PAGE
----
Wrong, wrong and wrong. Well, not entirely. Her voice is an old friend to me. But all this "calm and abiding" stuff doesn't do her justice. I adore Ruth Ann. And I am entirely prepared to rave about her as I might (and have) about some others. Ruth Ann Swenson is a drop dead gorgeous soprano. I've loved her since before I loved opera and I don't intend ever to stop. She is sweet, stylish and heavenly to behold. I've now had the privilege to hear her in person, and she enchanted me all over again — so much so that I'll confess now what I might not have before, which is that, despite seeing Natalie's Lucia twice on the same trip, it was Ruth Ann's Ginevra which gave me the greatest pleasure during my time in San Francisco. I think four years ago I was ill-equipped (in terms both of my own faculties and of the stereo equipment at my disposal) to appreciate just how delicate and ideal Ruth Ann's Adina was. An object lesson in bel canto style, and a lesson in the unlearnable art of charm. Resist her, I dare you. You can't. She's irresistible, and so are those pearly high notes.
There are more words to eat, or at least to nibble at. My three-sentence flurry of enthusiasm for Ramon Vargas was not unwarranted — he's a very good Nemorino — but at the same time, I can't help thinking what I wrote was more wishful thinking than anything else. If I wrote as if susceptible to the charms of tenors, perhaps I'd become so. It didn't work out that way, and even now that I am susceptible, Vargas does not exactly loom large in my world of devotion. Whereas the other "Mexican RV tenor" whom I implicitly dismissed definitely does; for all his current difficulties, I remain very fond of Rolando Villazon. I also did my best to damn the opera itself with faint praise, but this time around, I felt quite differently — I was struck by just how full of colour and life L'Elisir d'Amore is, by what a tuneful and utterly likeable opera it is. I still have issues with Don Pasquale (I can't quite get past the inherent cruelty of its premise) but I'm re-adjusting my feelings about L'Elisir now, having just had so much fun with it.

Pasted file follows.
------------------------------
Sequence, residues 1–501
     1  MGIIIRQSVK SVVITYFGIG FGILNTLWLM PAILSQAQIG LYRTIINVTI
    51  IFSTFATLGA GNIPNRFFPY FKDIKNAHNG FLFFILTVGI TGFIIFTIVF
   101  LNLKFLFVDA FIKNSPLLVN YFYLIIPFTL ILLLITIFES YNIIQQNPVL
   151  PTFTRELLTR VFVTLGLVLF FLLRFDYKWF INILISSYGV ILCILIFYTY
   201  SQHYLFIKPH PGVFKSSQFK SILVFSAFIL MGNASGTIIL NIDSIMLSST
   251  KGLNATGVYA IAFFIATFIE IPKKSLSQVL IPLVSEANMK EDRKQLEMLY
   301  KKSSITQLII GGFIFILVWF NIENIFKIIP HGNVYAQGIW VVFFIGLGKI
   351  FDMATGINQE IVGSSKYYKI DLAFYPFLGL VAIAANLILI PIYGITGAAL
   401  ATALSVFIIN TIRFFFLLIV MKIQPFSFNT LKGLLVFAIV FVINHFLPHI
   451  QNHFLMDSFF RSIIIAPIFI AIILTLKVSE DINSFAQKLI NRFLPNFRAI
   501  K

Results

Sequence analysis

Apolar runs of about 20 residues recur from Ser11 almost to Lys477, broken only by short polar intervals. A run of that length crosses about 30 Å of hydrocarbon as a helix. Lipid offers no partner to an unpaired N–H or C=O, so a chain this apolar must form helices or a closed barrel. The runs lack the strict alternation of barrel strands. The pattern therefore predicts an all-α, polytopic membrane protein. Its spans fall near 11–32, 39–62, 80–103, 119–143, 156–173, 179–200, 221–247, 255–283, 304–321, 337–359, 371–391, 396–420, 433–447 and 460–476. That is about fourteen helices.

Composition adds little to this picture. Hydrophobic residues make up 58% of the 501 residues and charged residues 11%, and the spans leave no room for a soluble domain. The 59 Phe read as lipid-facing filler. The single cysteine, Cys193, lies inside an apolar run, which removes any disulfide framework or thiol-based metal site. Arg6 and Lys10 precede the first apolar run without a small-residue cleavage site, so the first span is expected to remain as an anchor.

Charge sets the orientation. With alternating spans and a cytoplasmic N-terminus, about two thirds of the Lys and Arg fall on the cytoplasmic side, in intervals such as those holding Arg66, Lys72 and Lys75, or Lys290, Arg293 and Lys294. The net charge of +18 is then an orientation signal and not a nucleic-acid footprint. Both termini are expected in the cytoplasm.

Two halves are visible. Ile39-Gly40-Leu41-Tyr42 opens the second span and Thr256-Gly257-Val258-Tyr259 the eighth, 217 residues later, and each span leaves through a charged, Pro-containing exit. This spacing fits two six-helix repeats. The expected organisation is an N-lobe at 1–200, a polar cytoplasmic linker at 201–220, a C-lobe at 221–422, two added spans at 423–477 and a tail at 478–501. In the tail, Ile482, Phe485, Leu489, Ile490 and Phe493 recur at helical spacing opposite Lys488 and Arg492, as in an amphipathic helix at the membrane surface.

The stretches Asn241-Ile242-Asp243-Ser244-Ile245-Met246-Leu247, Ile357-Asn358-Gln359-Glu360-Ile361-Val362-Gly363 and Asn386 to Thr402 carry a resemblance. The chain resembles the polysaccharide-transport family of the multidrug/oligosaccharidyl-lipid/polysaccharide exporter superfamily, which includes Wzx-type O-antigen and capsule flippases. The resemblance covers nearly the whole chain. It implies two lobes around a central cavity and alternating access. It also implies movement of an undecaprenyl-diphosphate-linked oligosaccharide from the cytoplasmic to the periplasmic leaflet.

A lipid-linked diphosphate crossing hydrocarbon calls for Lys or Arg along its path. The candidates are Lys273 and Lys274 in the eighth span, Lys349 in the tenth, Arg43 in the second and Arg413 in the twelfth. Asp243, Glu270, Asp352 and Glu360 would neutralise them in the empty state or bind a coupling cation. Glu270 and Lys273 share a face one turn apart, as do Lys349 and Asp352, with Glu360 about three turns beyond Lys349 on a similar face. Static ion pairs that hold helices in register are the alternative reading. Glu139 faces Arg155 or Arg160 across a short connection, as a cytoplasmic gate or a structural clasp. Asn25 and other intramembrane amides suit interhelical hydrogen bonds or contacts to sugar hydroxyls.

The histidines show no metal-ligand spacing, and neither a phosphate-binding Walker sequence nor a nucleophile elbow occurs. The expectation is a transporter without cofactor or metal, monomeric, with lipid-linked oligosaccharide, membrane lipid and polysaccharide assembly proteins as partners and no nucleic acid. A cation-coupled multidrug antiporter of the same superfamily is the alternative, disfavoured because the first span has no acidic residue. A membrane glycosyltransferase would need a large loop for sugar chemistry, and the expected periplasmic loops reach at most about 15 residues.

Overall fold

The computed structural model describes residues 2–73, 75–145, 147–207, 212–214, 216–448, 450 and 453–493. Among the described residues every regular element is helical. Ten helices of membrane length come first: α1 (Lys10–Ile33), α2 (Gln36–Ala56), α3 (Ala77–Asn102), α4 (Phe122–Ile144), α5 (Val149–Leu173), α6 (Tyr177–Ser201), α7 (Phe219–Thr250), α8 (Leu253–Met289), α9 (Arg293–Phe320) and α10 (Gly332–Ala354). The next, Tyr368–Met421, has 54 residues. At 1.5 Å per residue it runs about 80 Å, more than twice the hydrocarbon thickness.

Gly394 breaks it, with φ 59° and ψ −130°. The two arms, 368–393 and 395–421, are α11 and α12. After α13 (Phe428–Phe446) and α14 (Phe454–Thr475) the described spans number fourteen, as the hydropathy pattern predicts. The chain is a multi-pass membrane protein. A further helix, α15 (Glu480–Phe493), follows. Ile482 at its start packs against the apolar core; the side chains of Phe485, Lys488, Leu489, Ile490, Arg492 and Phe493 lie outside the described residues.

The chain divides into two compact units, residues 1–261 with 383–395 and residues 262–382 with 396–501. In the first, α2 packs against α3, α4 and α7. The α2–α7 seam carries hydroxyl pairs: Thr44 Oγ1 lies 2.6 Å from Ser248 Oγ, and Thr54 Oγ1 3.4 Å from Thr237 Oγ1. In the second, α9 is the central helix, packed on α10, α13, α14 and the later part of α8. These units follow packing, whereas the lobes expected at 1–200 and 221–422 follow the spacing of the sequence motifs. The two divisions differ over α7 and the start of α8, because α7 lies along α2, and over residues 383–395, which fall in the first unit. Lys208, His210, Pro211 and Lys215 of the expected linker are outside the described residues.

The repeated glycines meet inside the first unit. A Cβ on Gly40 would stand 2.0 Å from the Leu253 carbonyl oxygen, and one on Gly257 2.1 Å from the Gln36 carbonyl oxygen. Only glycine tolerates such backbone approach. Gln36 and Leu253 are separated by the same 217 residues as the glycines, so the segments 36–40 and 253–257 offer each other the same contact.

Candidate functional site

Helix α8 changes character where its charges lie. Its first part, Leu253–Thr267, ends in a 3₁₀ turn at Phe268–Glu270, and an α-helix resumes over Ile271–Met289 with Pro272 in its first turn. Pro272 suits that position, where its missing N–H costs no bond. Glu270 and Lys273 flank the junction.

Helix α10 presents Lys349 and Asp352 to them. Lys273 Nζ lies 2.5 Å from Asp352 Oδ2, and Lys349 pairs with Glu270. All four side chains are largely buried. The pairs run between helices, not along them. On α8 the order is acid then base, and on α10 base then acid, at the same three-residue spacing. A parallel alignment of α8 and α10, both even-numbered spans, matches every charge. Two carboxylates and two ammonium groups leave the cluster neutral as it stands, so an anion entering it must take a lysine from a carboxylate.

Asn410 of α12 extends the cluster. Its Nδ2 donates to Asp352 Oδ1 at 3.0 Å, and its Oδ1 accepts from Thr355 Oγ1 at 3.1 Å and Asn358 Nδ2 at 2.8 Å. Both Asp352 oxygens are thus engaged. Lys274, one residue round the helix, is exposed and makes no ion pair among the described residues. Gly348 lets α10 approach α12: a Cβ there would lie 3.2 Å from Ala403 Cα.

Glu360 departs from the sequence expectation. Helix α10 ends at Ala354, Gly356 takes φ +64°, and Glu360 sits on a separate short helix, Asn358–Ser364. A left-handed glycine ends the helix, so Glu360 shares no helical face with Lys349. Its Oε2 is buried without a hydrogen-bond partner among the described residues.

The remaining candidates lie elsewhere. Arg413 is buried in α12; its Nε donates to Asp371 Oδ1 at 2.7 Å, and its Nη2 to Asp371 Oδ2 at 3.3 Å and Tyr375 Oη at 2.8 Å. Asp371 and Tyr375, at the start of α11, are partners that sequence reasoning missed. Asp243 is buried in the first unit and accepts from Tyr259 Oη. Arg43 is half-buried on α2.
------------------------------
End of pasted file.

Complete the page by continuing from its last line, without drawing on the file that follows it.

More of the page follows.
The moral of the story? There isn't one especially. I just find it intriguing to see how things change (and how other things remain constant). And don't worry, I don't intend to start revisiting and rethinking every single post in my archives. It was interesting to do so this once, though; after all, one of the reasons I'm pleased I have this blog is the opportunity it affords to remind myself of how I once thought — I tend to forget old opinions once they're replaced. Part of me wants to point at my former self and mock; but it's also heartening to feel that my appreciation of this multifarious world really has deepened and expanded in the last half-decade — despite my propensity to be waylaid by singular fixation.
Is that a bit too deep and meaningful for a post about L'Elisir d'Amore and how I feel even sillier about Ruth Ann Swenson than I did a few years ago? Probably. Well, never mind. The main thing is that I got to listen to a totally delightful performance of L'Elisir — my little exercise in compare-and-contrast just added to the fun.